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Here Are 5 Exotic and Luxury Cars That Have Lost $200,000 in Value

In an hour or two, I’ll have a column about one of the modern depreciation all-stars: a 2007 Bentley Azure. With that in mind, I started thinking about other cars that have lost big value — and that brought me here, to list five exotic and luxury cars that have depreciated more than $200,000 since they were sold new. Yes, each car here has lost $200,000 or more — and no, that doesn’t mean they’re cheap. Some of these still have a lot of depreciation left to go — and some may, someday, start to rise in value again. Anyway, enjoy these depreciation disasters.

 2006 Bentley Arnage T

 2006 Bentley Arnage T – $52,000

This 2006 Bentley Arnage T is offered by a private seller in San Clemente, California, for $52,000. That’s a far cry from the original price, which started at $235,000 back in 2006 — equivalent to more than $280,000 in today’s money. Mileage is a reasonable 29,975, meaning this car has lost all that value without much time on the road — though it’s likely repairs and maintenance haven’t exactly been cheap in the last decade. Maybe more impressive than this Arnage’s depreciation are its power figures: 450 horsepower coupled with an immense 645 lb-ft of torque. Find a 2006 Bentley Arnage for sale

2011 Bentley Mulsanne

2011 Bentley Mulsanne – $139,900

The Bentley Mulsanne is a beautiful, well-appointed full-size ultra-luxury sedan, but so are most of the cars on this list — and that certainly doesn’t make them immune to depreciation. In the Mulsanne’s case, the depreciation just barely reaches our $200,000 threshold: These started at $290,000 in 2011 — but with options, many were well above $330,000. That probably includes this example, finished in gold with a beige interior (err… "Sandstone" exterior over an "Autumn" interior) and currently listed for sale by Miller Motorcars for $139,900. Find a 2011 Bentley Mulsanne for sale

 1992 Lamborghini Diablo

 1992 Lamborghini Diablo – $158,900

Although virtually all used Lamborghini models have started to shoot up in value, early versions of the Diablo haven’t risen much in the last few years. This 1992 Diablo is for sale at Marshall Goldman Motors near Cleveland, and it’s listed for $158,900 — half of what it would cost to buy a Countach from a few years prior. The original price for a ’92 Diablo was somewhere around $265,000, which translates into more than $400,000 today — meaning this has lost well over $200,000. The real question: Can you imagine paying the equivalent of $400,000 for this thing, with no visibility and that ergonomic disaster of an interior? Find a 1992 Lamborghini Diablo for sale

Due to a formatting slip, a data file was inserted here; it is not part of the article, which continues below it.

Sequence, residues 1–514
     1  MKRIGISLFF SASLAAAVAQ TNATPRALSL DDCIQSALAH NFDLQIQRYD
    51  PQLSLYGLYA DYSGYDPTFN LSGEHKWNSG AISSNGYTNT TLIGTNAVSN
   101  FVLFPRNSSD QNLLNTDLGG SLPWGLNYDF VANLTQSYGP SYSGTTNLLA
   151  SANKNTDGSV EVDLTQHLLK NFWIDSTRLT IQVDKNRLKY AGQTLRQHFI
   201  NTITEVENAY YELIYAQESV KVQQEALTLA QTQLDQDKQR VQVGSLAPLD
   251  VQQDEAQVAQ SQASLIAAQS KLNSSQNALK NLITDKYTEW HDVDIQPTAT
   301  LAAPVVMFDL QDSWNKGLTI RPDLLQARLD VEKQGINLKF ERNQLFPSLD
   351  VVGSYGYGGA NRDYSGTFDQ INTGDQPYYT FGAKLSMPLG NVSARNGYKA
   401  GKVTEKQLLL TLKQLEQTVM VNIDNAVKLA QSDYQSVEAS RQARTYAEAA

2009 Maybach 62S

2009 Maybach 62S – $149,988

The late-2000s Maybach brand is possibly the king of automotive depreciation, as its cars have lost more value than virtually anything on the road. This 2009 Maybach 62S is currently listed for $149,988 by Lexus of Englewood in northern New Jersey, but its original price was an eye-popping $449,500 — before options. Moreover, it still has a long way to fall, as earlier Maybach models are trading well below $75,000, meaning it’s possible to buy this 8-year-old luxury sedan — which has already lost over $300,000 in value — and still lose another 50 percent. Find a 2009 Maybach 62 for sale

2006 Rolls-Royce Phantom

2006 Rolls-Royce Phantom – $114,983

The flagship Rolls-Royce Phantom is certainly among the cars with the most overall depreciation, as this vehicle had an original base price of roughly $330,000 before options — and options were plentiful. Translate that into 2017 dollars and you’re looking at close to $400,000, which is a long way to fall to get to $114,983. That’s this Phantom’s current asking price at Bentley Houston, where it’s currently listed for sale with a dark red exterior and a cream white interior — oops, sorry, that’s Madeira Red over Moccasin. Find a 2006 Rolls-Royce Phantom for sale

MORE FROM OVERSTEER:

Here’s Why the Lexus LC 500 Is Worth $100,000
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